In June press reported that a Turkmen prisoner, Roman Bazarov, who was held in the “Central Prison,” had died of AIDS. Tests reportedly indicated that he did not have HIV upon entering the “Central Prison” but that he was diagnosed with HIV during a subsequent visit to the “state hospital.” The “Ministry of Health” conducted hepatitis and HIV tests on the other 58 inmates and detainees who shared a cell or medical room with Bazarov, and authorities said they took appropriate precautions within the scope of the “prison regulation” to ensure the safety of inmates and detainees.
The “Attorney General’s Office” reported that in March a lawyer finished an independent investigation into the death of a 30-year-old detainee who reportedly committed suicide at a police station detention center in Kyrenia in September 2018. The report concluded the detainee had committed suicide on his own but identified deficiencies with police actions. The detainee’s spouse and father had accused police of killing the detainee. Authorities continued to wait for medical reports from Turkey at year’s end.
Activists continued to say a lack of security cameras at detention centers and in parts of the “Central Prison” allowed police officers and prison guards to abuse detainees with impunity. In March local press reported that prison guards hit two female inmates’ heads against the wall in the “Central Prison.” Security cameras in that area of the prison were deactivated before the incident. Press outlets reported allegations that “Central Prison director” Metin Bilmem instructs prison guards to abuse inmates without leaving visible marks. “Minister of Interior” Aysegul Baybars told the press she did not see signs of abuse or mistreatment while visiting the prison after the incident.
The “ombudsman” received complaints that detainees in the “Central Prison” did not receive sufficient food and that police detention centers lacked heating. NGOs reported that, because of a lack of official procedures at police detention centers, detainees frequently received no food while held, sometimes for periods longer than a day. They instead relied on relatives to bring them food.
NGOs reported sanitation remained a significant issue in the “Central Prison” and that inadequate access to hot water failed to meet inmates’ hygiene needs. An NGO reported authorities did not provide basic sanitation supplies, such as soap, toilet paper, and toothbrushes, which detainees and inmates had to purchase themselves from a stand inside the “Central Prison” at inflated prices. Authorities said hygiene supplies were insufficient due to an increasing number of inmates.
In January the “Central Prison Advisory Board” visited the “Central Prison” after a detainee had complained about inhuman conditions. Authorities reported they carried out an investigation and identified ways to improve the hygiene of inmates, and shortcomings in the physical structure of the building.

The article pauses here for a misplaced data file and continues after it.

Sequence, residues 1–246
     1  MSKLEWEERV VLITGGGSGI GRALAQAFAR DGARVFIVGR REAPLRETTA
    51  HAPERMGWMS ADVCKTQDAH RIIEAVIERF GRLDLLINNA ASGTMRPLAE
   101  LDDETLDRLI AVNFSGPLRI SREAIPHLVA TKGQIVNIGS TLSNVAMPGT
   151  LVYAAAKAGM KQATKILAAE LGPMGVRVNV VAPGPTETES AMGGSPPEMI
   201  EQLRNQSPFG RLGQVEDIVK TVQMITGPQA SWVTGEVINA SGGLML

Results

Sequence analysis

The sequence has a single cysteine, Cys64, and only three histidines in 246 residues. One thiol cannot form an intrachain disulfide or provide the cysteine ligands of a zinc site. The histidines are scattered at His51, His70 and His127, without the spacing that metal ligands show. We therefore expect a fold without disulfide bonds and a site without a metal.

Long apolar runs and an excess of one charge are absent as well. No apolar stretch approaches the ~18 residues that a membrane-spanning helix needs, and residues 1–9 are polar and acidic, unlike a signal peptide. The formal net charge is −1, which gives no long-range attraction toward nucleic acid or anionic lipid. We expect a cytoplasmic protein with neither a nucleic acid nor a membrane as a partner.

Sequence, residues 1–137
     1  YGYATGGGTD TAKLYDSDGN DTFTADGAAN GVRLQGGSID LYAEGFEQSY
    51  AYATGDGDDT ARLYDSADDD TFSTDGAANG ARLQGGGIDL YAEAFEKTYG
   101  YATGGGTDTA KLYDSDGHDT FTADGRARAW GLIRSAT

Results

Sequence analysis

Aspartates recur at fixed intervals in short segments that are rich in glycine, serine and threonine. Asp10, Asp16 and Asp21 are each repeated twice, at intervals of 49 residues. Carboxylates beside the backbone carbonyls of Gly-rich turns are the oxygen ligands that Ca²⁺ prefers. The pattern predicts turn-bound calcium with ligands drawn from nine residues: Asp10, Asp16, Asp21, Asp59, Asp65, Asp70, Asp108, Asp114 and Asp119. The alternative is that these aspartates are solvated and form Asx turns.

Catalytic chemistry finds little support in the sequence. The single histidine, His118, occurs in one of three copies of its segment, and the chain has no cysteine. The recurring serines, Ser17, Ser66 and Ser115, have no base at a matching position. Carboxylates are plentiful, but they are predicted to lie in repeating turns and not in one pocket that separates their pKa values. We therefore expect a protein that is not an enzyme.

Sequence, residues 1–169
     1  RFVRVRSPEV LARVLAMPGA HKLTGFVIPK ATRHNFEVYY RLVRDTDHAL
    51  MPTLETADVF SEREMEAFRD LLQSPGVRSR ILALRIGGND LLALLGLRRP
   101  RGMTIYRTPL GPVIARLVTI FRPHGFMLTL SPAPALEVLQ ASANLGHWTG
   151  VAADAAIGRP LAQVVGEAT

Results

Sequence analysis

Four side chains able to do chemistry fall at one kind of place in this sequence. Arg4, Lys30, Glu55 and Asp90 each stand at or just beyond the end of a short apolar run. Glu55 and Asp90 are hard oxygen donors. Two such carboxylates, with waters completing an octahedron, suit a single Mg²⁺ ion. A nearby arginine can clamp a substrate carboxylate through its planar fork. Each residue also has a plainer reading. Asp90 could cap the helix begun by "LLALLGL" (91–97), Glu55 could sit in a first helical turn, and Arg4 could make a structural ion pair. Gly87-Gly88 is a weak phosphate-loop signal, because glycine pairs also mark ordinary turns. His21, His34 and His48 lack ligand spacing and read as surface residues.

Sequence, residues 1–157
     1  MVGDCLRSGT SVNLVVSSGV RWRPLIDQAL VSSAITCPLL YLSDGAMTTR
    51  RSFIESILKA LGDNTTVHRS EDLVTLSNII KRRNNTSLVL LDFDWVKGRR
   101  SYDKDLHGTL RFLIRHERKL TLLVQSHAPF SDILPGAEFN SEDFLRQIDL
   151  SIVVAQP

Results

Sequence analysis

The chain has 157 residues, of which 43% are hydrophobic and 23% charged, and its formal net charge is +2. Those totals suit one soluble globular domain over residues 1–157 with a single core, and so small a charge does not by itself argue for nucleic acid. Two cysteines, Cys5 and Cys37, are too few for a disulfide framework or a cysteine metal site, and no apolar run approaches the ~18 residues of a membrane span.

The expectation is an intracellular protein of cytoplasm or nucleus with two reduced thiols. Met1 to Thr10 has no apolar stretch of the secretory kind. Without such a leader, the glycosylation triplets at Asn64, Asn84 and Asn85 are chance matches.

NGOs said prison health care was inadequate, lacking sufficient medical supplies and a full-time doctor. NGOs reported testing for contagious diseases at the “Central Prison” was haphazard and inconsistent. In June the Prison Guards’ Association chair stated that overcrowding in prison cells created a breeding ground for contagious diseases. Authorities reported all inmates are subject to health checks at the “state hospital” before entering the “Central Prison.” Authorities said a doctor visited the prison twice a week and was on call for emergencies. A dentist visited the “Central Prison” once per week, a dietician visited twice per week, and there were two full-time psychologists at the “Central Prison,” according to authorities.
An NGO reported the detention center at Ercan (Tymbou) airport lacked proper ventilation and access to natural light. The NGO said hygiene was a concern because there is only one bathroom inside each detention room and no regular cleaning.
Administration: Authorities did not conduct proper investigations of allegations of mistreatment at the “Central Prison.” The “Ministry of Interior” reported receiving only personal complaints, which the “Central Prison” administration took into consideration. Authorities stated facilities were available for Muslim prisoners and detainees to conduct their religious observance and that an imam visited the “Central Prison” on the religious days of Bayram. Authorities said they would facilitate religious observance for persons of other religions upon their request and reported not receiving any requests.
Independent Monitoring: Authorities generally permitted prison monitoring by independent nongovernmental observers. Authorities reported that Famagusta Lions Club, EVKAF, foreign missions, and the UN Peacekeeping Force in Cyprus visited the “Central Prison” during the year. A One NGO reported authorities prevented a local human rights organization from visiting the “Central Prison” to monitor claims about serious abuses during the year.